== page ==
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Brain Variations on MRI May Predict Surgical Success in OCD

Features of anterior cingulate cortex structure, connectivity appear to predict surgical success

WEDNESDAY, Dec. 24, 2014 (HealthDay News) -- Doctors may be able to identify candidates for dorsal anterior cingulotomy for refractory obsessive-compulsive disorder (OCD) by looking at a key structure in the targeted brain region. These research findings have been published online Dec. 23 in JAMA Psychiatry.

In the study, investigators conducted magnetic resonance imaging scans of 15 refractory OCD patients, all of whom had undergone cingulotomy surgery. The team, led by Garrett Banks of Columbia University in New York City, found that only about half (eight patients) had responded positively to the procedure.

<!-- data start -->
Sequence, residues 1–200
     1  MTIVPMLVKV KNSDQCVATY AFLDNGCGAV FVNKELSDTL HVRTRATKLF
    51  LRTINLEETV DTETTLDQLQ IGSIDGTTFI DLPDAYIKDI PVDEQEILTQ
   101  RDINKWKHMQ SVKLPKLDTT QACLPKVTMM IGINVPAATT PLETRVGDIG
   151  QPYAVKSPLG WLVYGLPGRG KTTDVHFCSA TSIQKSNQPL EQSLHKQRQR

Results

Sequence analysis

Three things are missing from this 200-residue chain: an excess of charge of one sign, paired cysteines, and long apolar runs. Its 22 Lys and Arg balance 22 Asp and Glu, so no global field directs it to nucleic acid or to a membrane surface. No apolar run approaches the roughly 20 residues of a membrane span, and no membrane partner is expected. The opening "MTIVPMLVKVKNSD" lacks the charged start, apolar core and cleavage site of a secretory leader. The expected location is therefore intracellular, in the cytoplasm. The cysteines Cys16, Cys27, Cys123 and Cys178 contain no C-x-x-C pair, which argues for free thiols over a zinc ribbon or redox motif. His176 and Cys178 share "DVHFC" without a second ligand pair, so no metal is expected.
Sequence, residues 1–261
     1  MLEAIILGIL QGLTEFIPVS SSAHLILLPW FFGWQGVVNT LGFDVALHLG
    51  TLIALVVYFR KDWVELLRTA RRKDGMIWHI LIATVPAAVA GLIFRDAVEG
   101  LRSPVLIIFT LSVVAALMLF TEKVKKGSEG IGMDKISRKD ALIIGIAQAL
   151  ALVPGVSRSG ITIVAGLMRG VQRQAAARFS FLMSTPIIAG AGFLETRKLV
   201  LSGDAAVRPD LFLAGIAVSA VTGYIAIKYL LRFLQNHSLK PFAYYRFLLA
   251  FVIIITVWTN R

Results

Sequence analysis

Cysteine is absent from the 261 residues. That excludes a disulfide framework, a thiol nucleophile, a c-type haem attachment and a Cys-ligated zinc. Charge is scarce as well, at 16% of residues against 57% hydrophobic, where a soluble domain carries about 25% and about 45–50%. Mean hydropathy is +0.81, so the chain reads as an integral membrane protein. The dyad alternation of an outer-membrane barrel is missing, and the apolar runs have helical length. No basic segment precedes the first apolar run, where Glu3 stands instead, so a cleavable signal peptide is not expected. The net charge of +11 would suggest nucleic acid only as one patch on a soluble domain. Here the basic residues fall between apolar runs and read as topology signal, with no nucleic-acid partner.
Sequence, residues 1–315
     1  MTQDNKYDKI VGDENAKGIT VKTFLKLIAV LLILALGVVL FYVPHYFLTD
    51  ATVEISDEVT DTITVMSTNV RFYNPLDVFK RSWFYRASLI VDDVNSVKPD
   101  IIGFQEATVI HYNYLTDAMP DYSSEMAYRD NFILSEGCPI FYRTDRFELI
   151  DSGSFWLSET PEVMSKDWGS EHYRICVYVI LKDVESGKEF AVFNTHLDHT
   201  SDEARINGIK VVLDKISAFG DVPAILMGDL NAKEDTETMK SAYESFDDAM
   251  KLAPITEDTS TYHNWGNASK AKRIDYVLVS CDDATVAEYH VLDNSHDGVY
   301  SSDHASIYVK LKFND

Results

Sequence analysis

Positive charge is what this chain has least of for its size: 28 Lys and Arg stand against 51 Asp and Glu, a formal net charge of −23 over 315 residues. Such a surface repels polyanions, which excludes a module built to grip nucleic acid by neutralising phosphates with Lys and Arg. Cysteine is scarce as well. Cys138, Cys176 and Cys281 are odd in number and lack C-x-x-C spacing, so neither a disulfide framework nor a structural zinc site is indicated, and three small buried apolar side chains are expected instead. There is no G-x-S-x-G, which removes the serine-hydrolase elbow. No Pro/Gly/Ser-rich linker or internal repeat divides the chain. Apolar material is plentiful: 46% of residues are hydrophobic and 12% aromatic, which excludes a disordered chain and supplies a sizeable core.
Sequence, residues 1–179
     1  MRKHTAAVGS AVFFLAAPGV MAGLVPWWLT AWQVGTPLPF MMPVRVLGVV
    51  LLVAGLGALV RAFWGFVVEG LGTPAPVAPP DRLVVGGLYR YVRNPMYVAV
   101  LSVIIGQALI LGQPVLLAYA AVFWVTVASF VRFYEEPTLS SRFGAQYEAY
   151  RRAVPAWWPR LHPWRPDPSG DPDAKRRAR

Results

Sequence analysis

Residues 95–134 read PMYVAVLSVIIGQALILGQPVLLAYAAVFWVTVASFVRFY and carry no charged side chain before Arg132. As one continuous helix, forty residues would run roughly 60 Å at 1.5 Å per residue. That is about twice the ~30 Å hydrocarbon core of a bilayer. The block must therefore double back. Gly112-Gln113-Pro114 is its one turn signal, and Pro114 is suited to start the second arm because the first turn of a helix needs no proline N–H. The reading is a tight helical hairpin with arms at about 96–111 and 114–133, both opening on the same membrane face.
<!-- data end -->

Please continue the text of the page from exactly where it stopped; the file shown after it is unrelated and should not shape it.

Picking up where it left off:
The researchers found that features of anterior cingulate cortex structure and connectivity predicted clinical response to the procedure. "These variations may allow us to predict which patients are most likely to respond to cingulotomy, thereby refining our ability to individualize this treatment for refractory psychiatric disorders," the authors write.

In an accompanying editorial, one Dutch expert said such a preoperative test might save patients unnecessary trauma, and save health care dollars. "If reliable predictive markers are identified…treatments might be offered only to patients with a predicted good outcome, thereby preventing unnecessary costs and iatrogenic damage in the remaining patients," Odile van den Heuvel, M.D., Ph.D., of the VU University Medical Center in Amsterdam, writes in the editorial.

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